“Finance” is a loaded word. It immediately calls to mind emotions: fear (“how am I going to pay my credit card bill?”), achievement (“I’ve paid off my student loan!”), anger (“my bank is robbing me!”), safety (“I have a plan for retirement”), or maybe injustice (“why does Wall Street make so much money?”).
I’d like to take a step back and look at “finance” from a historical perspective, seeking to understand how and why our financial system came about. My inquiry will be largely focused on the American financial system, but not entirely. And it will (often) be quirky, and hopefully, a little fun.
Since three starting theses will underpin almost all of my writing here, I think they’re worth surfacing upfront for potential readers:
- By understanding how our financial system works and why it works the way it does, (a) we can better understand how it has shaped our lives and (b) empower and enable us to re-think how a system could be
- Finance is a technology (only its machinery is fund flows and money instead of gears and conveyor belts). As a technology, it can enable us to do more than we would have been able to otherwise. But that “more” can be both for social and individual gains (and sometimes both!)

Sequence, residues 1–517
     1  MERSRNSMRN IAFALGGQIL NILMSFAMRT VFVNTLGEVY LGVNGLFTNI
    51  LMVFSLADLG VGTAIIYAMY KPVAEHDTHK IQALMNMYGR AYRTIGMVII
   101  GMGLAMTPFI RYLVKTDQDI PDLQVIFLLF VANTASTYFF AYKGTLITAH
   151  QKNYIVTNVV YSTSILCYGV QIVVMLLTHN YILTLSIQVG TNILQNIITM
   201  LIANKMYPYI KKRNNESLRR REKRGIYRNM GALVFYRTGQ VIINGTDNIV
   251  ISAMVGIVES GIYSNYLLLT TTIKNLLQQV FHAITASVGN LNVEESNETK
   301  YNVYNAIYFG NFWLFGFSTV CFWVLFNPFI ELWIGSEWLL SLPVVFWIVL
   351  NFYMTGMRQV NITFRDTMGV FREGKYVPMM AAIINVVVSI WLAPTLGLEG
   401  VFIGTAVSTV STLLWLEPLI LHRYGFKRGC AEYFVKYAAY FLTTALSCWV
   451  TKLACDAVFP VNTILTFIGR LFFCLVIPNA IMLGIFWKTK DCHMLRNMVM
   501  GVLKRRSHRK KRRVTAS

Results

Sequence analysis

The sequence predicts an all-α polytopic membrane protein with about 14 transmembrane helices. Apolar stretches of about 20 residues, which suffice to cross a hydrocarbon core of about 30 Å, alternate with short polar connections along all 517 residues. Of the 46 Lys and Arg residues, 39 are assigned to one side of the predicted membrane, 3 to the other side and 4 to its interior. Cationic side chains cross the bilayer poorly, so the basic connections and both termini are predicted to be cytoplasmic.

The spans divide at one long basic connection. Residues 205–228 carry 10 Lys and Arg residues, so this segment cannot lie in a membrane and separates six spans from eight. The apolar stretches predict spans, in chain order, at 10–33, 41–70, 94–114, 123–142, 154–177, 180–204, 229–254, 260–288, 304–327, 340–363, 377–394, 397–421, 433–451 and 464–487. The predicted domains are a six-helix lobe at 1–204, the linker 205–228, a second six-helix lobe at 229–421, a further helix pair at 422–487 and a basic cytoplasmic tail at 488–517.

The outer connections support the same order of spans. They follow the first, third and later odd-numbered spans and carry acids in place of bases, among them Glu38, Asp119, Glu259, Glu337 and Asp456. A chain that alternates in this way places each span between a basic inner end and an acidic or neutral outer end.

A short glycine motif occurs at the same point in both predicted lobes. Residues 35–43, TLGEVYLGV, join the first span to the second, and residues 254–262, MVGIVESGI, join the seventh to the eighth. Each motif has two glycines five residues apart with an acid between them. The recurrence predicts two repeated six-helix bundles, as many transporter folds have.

- How we pay for things is often more impactful than what we pay for in ways we don’t often understand at the time. For example, the United States government assumed the Revolutionary War debts of all its states after the war. Some (Virginia, New York) incurred more than others (Maine, Georgia). By uniting the states’ debt, the federal government forged a bond – literal and metaphorical – that reinforced the federal system 
Ultimately, my goal is to look at something that surrounds us and impacts our understanding of the world, but we often overlook. For something that is so emotionally charged in our current cultural conversations, there’s a lot to understand.